Schooling for Tomorrow – Principles and Directions for Policy

 

Download article (.pdf) | By Ylva Johansson | Published in Networks of Innovation, OECD/CERI, 2003

 

Johansson, the former Swedish Minister of Education, as Chair of the Rotterdam Schooling for Tomorrow conference produced these conclusions. She argues that schools “represent a very important investment for our countries in making the further transformation from industrial to the knowledge-based societies of today and tomorrow, but for this they must be revitalised and dynamic”. Her conclusions, which “cover both general directions for policy and support for local-level innovation,” are presented as the following orientations for future policies:

  • Because it is vital to narrow the achievement gap within and among schools, schools must be strong organisations with high ambitions.
  • Schools must be democratic agents for social cohesion. Schools must meet their goal of building social capital, cohesion, and inclusion. Authorities should set standards for schooling, but they must allow local initiative to meet those standards. Educational innovation should be firmly rooted in local needs.
  • If schools are to meet demanding public responsibilities, they must be well-resourced.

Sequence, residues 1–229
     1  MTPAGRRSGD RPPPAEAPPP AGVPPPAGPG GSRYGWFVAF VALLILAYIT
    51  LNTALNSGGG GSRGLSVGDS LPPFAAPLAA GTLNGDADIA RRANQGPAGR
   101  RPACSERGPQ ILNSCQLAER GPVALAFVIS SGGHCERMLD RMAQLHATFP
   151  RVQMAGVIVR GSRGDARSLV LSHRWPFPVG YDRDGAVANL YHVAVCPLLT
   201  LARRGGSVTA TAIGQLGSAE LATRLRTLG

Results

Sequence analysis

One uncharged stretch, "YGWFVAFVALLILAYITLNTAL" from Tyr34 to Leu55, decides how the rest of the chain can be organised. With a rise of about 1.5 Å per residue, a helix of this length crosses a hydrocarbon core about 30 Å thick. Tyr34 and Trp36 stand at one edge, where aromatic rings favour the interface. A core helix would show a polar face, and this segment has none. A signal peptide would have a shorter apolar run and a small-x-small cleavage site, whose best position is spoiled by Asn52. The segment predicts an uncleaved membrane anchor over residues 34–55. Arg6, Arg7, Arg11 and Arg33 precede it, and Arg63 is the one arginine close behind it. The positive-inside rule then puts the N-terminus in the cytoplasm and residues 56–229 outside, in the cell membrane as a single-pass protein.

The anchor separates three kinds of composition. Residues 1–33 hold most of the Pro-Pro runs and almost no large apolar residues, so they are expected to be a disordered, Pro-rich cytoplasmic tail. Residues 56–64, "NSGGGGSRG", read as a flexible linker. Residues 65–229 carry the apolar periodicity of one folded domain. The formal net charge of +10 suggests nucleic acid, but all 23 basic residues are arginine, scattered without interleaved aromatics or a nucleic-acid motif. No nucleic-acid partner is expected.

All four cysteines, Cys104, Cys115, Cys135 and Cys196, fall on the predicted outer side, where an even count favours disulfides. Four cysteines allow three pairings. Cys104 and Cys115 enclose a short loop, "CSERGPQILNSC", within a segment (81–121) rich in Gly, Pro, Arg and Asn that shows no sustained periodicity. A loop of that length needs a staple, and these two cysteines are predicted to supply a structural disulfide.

• Networks and partnerships are critical. Isolation characterises the educational systems of too many OECD countries. Partnerships may address skills and employment, society and culture, or bring together different parts of the educational world; parents are among the most important partners.
  • The focus needs to shift from teaching to learning. Since schools aim to foster in students a desire for lifelong learning, schools need to be fitted for this shifting curriculm emphasis.
  • Teachers and school leadership require continuing development and training opportunities. Teachers should be motivated and work through networks and teams. Also, overcoming the teacher shortage requires new incentives to attract high-quality and diverse teachers.
  • ICT as a learning and development tool should be used to the utmost in school learning. There must be close links in ICT learning strategies among schools, homes and communities in order to bridge any “digital divide”.


She concludes with a look at educational innovation. She says that experimentation in education is necessary; evaluation of the experiments and dissimination of the results amongst networks can reveal new solutions to the challenges schools face.

 

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